As you can see, Scout not only has an eye for photography, but a mind for modesty! She took the initiative to pursue her passion for photography and through hard work and dedication, she has excelled drastically. She definitely makes our list of Good Girls who Deserve Props by promoting modesty through her photographs and by spreading love through volunteering with her friends at various organizations.
On that note, we encourage YOU to pursue your passions and spread love too!
A couple months ago Top Buttons had the opportunity to attend Christian Fashion Week -- a Tampa-based event whose mission is "to create a series fashion shows and events around the idea of fashion from a Christian worldview, reflecting common values such as modesty, boldness, and integrity." For a closer look on the event, visit our recap articles about day one and day two.
What was most captivating about Christian Fashion Week was seeing the exquisite designs of a 19 year old fashion designer named Julia Chew of Xiaolin. Julia's cutting-edge designs, eye-popping colors, and three dimensional textures had the whole audience charmed with delight.
In recognition of her raw talent and success at such a young age, Top Buttons thought it was fitting to capture Julia's story to empower YOU that anything is possible if you set your mind to it. We've even incorporated some of Julia's favorite photos and designs for your viewing pleasure!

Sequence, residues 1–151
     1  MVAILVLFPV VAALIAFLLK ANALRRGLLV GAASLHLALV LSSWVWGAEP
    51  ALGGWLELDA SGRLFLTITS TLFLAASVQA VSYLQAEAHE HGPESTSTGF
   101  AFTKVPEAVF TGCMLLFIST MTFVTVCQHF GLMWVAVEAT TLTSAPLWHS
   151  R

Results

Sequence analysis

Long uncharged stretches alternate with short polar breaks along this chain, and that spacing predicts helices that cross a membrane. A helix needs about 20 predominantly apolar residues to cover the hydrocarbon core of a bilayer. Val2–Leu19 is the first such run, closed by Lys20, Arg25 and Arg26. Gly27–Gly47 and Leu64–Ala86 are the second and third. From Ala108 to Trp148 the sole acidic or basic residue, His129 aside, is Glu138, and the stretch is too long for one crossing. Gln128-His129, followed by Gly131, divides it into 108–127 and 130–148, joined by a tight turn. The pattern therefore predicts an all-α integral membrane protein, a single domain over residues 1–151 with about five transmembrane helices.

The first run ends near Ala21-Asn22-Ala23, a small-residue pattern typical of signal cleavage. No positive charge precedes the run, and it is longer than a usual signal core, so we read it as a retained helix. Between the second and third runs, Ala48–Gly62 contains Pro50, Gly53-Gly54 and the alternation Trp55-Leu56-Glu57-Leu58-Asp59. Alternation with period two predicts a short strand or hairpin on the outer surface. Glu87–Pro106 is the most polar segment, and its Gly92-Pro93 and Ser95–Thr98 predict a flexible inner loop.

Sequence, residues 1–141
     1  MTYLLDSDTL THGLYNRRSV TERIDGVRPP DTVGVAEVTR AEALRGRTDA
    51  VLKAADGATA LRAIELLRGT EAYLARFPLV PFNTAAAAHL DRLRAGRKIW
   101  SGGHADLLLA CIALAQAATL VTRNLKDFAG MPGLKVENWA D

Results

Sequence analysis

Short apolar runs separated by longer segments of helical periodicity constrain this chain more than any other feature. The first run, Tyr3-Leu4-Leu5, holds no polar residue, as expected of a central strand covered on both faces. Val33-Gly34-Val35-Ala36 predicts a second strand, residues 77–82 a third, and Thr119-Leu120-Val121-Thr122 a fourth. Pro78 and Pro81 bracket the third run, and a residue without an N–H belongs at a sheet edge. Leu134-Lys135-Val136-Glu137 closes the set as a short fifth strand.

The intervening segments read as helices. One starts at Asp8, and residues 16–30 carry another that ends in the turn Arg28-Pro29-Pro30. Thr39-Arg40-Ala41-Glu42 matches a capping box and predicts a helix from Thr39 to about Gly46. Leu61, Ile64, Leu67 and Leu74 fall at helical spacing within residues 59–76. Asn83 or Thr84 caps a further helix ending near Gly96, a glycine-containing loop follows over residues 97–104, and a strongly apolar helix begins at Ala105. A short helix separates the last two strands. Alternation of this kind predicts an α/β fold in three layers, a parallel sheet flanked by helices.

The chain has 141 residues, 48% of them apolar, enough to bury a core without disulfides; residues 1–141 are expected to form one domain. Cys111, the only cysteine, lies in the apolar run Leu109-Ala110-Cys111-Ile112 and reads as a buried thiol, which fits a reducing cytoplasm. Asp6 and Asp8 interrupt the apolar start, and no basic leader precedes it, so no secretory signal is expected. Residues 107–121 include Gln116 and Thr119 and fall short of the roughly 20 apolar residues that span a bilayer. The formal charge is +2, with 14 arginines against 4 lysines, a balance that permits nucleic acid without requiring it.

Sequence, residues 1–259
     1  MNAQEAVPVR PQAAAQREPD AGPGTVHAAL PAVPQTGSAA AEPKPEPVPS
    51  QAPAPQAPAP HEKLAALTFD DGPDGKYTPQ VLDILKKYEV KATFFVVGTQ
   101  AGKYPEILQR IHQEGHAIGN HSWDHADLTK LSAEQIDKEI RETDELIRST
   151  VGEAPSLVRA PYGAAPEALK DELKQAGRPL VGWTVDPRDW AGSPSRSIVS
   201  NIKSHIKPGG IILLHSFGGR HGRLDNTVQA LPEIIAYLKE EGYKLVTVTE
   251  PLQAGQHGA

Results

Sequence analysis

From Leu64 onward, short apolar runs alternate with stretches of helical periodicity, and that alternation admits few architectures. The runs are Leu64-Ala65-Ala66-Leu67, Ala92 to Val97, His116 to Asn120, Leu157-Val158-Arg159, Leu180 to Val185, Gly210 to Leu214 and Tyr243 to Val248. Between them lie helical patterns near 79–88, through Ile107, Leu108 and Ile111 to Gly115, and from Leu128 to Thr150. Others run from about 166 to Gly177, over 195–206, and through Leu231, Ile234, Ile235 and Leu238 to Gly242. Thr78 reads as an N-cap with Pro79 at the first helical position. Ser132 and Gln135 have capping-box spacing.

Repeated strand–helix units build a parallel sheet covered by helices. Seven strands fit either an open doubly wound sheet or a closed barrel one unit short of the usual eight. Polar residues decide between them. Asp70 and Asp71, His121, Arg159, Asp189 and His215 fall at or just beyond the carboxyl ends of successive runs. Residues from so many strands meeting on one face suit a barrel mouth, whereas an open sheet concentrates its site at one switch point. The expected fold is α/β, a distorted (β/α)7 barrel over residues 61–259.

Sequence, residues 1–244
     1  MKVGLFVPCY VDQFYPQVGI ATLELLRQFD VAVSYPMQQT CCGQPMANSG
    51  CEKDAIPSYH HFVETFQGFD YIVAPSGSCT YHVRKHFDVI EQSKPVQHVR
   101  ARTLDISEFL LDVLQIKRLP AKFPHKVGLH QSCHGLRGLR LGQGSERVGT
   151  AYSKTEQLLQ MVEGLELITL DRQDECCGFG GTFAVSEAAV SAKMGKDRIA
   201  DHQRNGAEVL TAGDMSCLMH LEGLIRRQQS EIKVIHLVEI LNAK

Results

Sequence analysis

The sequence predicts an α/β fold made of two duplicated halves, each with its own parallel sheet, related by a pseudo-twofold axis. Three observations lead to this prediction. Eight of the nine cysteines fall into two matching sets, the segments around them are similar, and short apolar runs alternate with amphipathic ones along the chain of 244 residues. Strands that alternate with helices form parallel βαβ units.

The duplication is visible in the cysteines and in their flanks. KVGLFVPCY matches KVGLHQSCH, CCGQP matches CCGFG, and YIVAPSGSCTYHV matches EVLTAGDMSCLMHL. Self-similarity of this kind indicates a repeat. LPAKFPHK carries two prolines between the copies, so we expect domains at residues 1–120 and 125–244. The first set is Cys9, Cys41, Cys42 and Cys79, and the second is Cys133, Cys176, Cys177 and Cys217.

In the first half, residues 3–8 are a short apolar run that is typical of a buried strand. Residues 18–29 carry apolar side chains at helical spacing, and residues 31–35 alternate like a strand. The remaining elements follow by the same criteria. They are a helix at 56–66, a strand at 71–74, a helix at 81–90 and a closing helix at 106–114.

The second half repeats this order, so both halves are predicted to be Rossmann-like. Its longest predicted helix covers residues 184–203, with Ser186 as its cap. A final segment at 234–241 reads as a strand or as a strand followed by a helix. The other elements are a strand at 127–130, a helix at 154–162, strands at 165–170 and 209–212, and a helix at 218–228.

1. How long have you been designing fashion and what age were you when you truly decided this was something you wanted to do with your life?
"I’ve always enjoyed sewing and art. When I was in about 1st grade I started sketching fashion designs. My grandmother sews and wanted to pass the legacy of this skill onto me. I learned quickly and well. Knowing how to sew my own clothes was helpful because i struggled to find clothes in stores that I liked and also fit me. When I was 17 years old, I participated in my first runway show with 5 of my designs. Shortly after turning 18, I participated in Christian Fashion Week. During this time, I started talking with different boutique owners and they were interested in carrying Xiaolin garments. I took one step at a time and viewed opportunities as open doors to keep walking through. It has been very interesting and there are valuable lessons learned along the way. I meet people regularly who affirm my decision to do what I am passionate about. Often, people say they wish they had pursued what they desired when they were my age."
2. We noticed you use a lot of unconventional elements in your designs such as things like beetle wings and peacock feathers, and we LOVE IT. What inspired you to incorporate these things and what's your main source of inspiration for designing?